Today brides carry bouquets as symbols of the loveliness of their feminine beauty and to signify the love in their heart. In fact, flowers began replacing herbs and spices in the days of Queen Victoria (1819-1901). However, edible flowers were still included in the bouquet. There was also dill in the bride’s bouquet which was known to be an herb of lust. And as an herb of lust the wedding guests were also given dill at the reception which promised to increase sexual desire. Well, a wedding is supposed to be celebrated isn’t it?

By Victorian times, however, flowers were mostly made significant in romances but were also given as an expression of respect, admiration and non-romantic love such as for a mother, grandmother, aunt, daughter or even a close female friend; a way of saying I (or we) love you and “think you’re special,” to those ladies that we care about.


How best to make a wedding bouquet:

This applies to all flowers chosen for a bouquet but for clarity’s sake I will select roses. Choose a single, beautiful rose to start with. Make sure it has a nice long stem. Then surround it with other roses just a little short than your original rose. Repeat this process of surrounding each level with flowers just a little short than the last until you have created the look and size that you want. Afterwards, cut the stems even and tie a pretty ribbon around them to keep the bouquet together. It’s as simple as that.

In regard to the traditional bouquet, in “olden days” they were seen at all weddings but modern brides might choose to carry tall lilies or short clusters of flowers so the only thing there is for sure is that there will almost certainly be flowers at the wedding.

How does one preserve their wedding bouquet?

  All About Bouquets(102307)       Wedding bouquets are also keepsakes so a great many brides want to preserve their bouquets. If you do it yourself, you have to prepare before the wedding so you can start immediately before any wilting takes place. You will need to have sand, or borax to cover your flowers completely in. This is to draw out all the moisture. You will also need a glass frame or a special frame of some kind to protect and display the bouquet. I frankly think that the wisest thing to do is hire a professional to preserve your wedding bouquet. For one thing, for the first few days after your wedding, I suspect you’ll have other things on your mind than working on your flowers. And anyway, professionals guarantee their work! By the way, some flowers cannot be freeze dried so a professional will be able to tell you if your bouquet happens to consist of any of those flowers and give you helpful suggestion. Indeed, the more I think about it, the more I’m convinced that you should not attempt preserving your own bouquet. For a hundred bucks or so, you can have it done and done right. Yes, that’s the route to take!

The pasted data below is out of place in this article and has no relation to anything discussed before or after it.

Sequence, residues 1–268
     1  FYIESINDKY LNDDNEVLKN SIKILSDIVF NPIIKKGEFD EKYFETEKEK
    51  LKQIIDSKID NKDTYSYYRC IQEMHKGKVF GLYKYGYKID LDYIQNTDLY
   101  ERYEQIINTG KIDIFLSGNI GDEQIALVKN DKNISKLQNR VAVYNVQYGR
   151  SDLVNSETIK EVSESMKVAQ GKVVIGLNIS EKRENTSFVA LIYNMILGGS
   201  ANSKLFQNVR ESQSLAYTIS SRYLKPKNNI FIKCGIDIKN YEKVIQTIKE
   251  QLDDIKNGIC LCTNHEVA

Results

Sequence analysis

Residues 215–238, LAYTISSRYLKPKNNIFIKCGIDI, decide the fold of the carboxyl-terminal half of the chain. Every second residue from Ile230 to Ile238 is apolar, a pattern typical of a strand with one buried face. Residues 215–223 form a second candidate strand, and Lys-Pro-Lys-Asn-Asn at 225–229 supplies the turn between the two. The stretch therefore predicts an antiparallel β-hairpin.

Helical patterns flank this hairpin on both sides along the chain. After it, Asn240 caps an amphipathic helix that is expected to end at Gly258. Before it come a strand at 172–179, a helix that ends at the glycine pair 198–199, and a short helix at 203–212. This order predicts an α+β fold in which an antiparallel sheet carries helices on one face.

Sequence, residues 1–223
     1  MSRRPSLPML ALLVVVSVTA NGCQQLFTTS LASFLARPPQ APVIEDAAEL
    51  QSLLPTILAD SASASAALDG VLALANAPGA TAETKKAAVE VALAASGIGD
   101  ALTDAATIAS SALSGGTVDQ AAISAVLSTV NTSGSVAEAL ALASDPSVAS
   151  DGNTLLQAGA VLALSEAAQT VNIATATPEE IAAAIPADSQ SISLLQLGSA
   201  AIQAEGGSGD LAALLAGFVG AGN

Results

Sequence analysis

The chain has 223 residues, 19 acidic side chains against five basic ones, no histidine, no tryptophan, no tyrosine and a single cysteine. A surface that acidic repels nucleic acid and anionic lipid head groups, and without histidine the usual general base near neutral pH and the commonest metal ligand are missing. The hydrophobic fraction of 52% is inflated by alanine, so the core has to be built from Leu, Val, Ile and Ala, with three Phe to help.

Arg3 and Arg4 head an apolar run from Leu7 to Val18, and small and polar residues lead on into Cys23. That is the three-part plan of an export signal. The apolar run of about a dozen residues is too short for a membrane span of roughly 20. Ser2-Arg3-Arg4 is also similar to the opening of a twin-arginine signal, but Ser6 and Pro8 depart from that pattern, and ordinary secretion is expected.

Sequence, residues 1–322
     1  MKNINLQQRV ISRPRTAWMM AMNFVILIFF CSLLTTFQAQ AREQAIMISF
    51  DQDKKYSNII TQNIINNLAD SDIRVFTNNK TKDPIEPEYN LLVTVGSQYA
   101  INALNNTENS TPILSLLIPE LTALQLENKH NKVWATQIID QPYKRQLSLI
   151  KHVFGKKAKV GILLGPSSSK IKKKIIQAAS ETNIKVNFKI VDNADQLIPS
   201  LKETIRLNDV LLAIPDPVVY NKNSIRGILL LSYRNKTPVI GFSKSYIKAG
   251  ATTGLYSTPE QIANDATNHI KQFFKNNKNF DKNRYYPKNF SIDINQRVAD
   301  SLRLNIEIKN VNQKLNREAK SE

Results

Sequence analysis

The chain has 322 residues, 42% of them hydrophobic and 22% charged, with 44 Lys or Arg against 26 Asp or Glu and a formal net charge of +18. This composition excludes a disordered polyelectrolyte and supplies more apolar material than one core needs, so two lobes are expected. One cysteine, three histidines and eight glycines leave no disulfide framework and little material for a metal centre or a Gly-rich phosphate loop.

What will add fun to your specific wedding reception can be an offering of edible flowers, which was once a tradition to do! Just remember never to pick flowers for the purpose of eating that have been sprayed with pesticides and realize that you cannot eat all flowers, some can make you really sick. There are some great and beautiful flowers that are attractive on the plate or in salads that are not only pretty but healthy.

  All About Bouquets(102302)     Tuberous Begonias, for example, are very beautiful and very edible. (The problem is that they are not good for people who have rheumatism, kidney stones or gout).

Chrysanthemums, however, are tasty and arrive in very attractive colors such as red, white, orange and yellow.

       Dandelions have been eaten for a great many centuries and have a sweet, almost honey-taste to them. They are good raw and steamed! (My own grandmother used to make delicious dandelion soup). 

All About Bouguets

Day lilies are another treat with a nice vegetable taste. But be careful because not all lilies are edible and know that even day lilies can act as a natural diuretic so don’t gorge on them.

English daisy pedals are also used to garnish salads adding a slightly bitter taste to the meal. There are also squash blossoms, dill, chives and basil to add tasty novelty to your wedding reception or party.

If this idea appeals to you, take some time to do a little research of what flowers are edible and what parts to eat. I think you will find that it’s well worth the trouble and also flowers on the plate simply make for great conversations.

If you want to be different and create some good memories, serve dandelion wine at your wedding.

Here’s a recipe for making it: For ageing purposes start the process at least a couple of months before your event).

Pluck the pedals off a lot of dandelions.

Put one gallon of water in a pot.

Drop the pedals into the pot until all the water is covered.

Cover pot with cloth and give the dandelions a little “sleep.”

Bring the water to boil.

Add peelings from two oranges.

Let sit for at least an hour.

Strain into pitcher.

Stir in a large cup or so of sugar.

Stir in yeast and add a cup of orange juice.

Pour into large jug and let ferment. (I like to let it sit for five days).

After fermentation period pour in bottles cap or cork and let age.

 When people ask you what they are drinking.

Say, “Guess.”


 My final word is to always keep a couple of flower bouquets in vases around the house. They will always serve to remind you that life is a whole lot prettier than it can sometime seem to be.